Er, yes. But do they remember them twenty years after?

Right now, I’m brushing up on my Bonapartes for a book to be set in Paris in 1804. Fouche, the dreaded Napoleonic Minister of Police, plays a large role in the book, so I happily dusted off my copy of his memoirs along with those of Josephine’s lady in waiting, Mme de Remusat; Napoleon’s secretary, Bourrienne; and Josephine’s daughter, Hortense. The Napoleonic period is particularly rich in memoirs.

Unfortunately, there’s a reason for that. Everyone wanted to justify his own actions twenty years later, with a Bourbon King back on the throne. Everyone wanted to make himself look better—or, in the case of the big-hearted Hortense, make her mother look better. Many of these memoirs are short on details, but long on self-justification. Fouche begins his memoirs with a lengthy apologia in which he disingenuously describes himself as one who “never wielded [power] but to calm the passions, disunite factions, and prevent conspiracies; me, who was never ceasingly employed in moderating and tempering power, in conciliating and amalgamating the jarring elements and conflicting interests which divided France”. To coin a phrase, yeah, right.

Even when they do recount detailed descriptions of events and conversations, how much can one rely on them? Leaving aside the question of deliberate fraud (and there was plenty of that going on—including the made-up story of how Napoleon met Josephine that both her children vigorously perpetuated), memory is faulty. We re-remember things over time, highlighting and embroidering as we see fit, melding memory to fit new circumstances. Mme de Remusat frankly admits that her task is an elusive one, “[going] back in search of a number of impressions which were strong and vivid when [she] received them, but which now, like ruined buildings devastated by fire, have no longer any connection with one another”.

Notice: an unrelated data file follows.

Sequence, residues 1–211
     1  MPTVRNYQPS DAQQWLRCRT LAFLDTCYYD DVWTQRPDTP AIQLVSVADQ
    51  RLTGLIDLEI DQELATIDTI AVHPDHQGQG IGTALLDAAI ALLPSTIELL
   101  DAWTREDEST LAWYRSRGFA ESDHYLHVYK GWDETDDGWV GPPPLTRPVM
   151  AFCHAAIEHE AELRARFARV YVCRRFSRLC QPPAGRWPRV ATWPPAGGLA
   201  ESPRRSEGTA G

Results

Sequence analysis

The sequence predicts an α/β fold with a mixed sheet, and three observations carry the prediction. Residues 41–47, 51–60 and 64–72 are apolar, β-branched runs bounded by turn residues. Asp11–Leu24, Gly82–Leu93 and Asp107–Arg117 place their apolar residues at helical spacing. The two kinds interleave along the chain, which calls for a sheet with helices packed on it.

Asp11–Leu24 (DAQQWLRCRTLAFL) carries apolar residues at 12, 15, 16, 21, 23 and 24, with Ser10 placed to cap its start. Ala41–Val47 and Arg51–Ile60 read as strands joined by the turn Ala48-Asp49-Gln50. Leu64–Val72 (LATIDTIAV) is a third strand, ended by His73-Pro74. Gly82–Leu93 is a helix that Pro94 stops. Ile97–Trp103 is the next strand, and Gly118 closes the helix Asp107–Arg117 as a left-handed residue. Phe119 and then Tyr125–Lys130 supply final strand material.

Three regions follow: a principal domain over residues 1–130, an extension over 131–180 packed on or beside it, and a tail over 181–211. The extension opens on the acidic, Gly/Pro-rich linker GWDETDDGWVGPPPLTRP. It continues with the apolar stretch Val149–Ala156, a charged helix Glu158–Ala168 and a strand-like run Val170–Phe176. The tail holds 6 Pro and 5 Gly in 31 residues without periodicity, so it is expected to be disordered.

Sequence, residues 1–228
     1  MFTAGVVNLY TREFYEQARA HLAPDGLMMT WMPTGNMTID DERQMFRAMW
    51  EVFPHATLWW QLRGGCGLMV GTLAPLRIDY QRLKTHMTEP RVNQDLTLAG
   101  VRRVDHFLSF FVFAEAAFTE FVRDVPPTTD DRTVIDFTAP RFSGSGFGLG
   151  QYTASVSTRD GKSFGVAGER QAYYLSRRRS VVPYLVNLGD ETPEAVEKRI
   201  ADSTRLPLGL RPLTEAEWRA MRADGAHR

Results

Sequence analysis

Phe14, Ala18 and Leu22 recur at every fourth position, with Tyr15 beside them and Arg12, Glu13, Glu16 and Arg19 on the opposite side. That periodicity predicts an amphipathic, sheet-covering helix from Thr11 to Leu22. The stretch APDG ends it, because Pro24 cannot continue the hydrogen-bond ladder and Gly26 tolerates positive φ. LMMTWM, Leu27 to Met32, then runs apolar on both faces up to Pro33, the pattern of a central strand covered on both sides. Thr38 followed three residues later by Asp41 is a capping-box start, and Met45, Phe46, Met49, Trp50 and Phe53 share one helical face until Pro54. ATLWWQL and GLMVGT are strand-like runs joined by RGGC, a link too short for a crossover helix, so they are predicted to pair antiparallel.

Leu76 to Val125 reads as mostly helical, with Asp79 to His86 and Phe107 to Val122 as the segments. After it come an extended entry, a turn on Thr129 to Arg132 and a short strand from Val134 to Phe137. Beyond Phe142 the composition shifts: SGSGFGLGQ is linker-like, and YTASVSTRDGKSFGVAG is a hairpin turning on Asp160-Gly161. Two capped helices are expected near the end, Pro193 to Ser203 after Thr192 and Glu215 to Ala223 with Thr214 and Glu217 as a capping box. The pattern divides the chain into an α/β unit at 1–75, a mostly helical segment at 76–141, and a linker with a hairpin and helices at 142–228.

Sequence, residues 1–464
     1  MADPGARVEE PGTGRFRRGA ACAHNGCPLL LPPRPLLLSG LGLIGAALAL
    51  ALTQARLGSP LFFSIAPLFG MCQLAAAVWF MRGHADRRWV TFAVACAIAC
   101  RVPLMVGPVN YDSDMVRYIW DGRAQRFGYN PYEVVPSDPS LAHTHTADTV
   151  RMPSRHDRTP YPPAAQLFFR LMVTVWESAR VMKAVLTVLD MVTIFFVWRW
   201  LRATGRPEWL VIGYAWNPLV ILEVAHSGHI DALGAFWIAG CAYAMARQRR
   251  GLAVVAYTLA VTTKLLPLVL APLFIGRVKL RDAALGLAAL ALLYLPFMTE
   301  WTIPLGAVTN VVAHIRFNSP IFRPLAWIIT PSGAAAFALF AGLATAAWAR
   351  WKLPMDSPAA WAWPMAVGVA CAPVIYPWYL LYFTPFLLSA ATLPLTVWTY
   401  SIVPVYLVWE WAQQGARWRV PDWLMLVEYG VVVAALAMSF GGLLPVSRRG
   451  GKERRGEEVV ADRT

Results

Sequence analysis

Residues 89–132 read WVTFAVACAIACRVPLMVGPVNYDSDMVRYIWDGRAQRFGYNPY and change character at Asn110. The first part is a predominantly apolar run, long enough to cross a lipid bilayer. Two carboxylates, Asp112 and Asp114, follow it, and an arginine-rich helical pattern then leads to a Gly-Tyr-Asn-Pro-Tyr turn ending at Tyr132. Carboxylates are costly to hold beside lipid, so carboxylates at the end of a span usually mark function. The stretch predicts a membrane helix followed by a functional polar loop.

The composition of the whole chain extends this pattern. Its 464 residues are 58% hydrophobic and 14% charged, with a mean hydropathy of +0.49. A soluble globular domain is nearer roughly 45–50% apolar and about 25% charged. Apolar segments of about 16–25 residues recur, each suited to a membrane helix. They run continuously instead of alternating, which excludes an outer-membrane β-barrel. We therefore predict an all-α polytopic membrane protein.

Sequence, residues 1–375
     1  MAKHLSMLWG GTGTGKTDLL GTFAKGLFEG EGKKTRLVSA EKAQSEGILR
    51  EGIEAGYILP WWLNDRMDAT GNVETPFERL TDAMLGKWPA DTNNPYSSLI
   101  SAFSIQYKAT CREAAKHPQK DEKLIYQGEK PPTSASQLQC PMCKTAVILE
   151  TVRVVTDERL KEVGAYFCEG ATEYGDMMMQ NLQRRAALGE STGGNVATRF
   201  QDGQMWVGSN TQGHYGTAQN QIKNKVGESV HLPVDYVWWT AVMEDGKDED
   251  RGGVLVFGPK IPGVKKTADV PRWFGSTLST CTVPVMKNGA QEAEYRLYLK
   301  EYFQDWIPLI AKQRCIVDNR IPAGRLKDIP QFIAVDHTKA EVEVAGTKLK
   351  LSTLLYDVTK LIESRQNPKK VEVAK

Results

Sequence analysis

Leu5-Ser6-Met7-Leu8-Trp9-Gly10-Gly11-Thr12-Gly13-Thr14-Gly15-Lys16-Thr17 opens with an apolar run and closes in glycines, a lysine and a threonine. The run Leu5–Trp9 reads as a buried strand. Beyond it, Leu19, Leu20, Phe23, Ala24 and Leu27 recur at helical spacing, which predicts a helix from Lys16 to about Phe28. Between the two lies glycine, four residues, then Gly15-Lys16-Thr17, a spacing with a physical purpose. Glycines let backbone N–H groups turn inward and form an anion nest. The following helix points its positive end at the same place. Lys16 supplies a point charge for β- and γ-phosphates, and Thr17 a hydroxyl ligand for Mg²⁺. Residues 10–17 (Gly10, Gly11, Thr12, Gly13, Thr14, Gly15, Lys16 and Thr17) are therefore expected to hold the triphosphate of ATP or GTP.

What one does receive, though, aside from the myths people wish to perpetuate in retrospect, is a sense of voice. Sometimes it backfires on the author. The more pious Fouche attempted to sound, the more I disbelieved him and a stronger a sense I received of the crafty opportunist he had been. And I would still be friends with Hortense de Beauharnais tomorrow, even if she did fudge her memoirs to protect her mother—or maybe because she fudged her memoirs to protect her mother.

Sadly, no historical document is ever a hundred per cent without its pitfalls. One letter from Cromwell threw off some crucial dating for ages until people realized it was dated old style (with the calendar year beginning/ending in April) rather than new style (January). Hortense and Eugene Beauharnais edited their mother’s and stepfather’s correspondence, changing dates on letters to try to sanitize the early days of their love affair. But I still find memoirs particularly troublesome—because there is always that hope that the character can tell the story in his or her own voice and it will be true, the historian’s task made simple.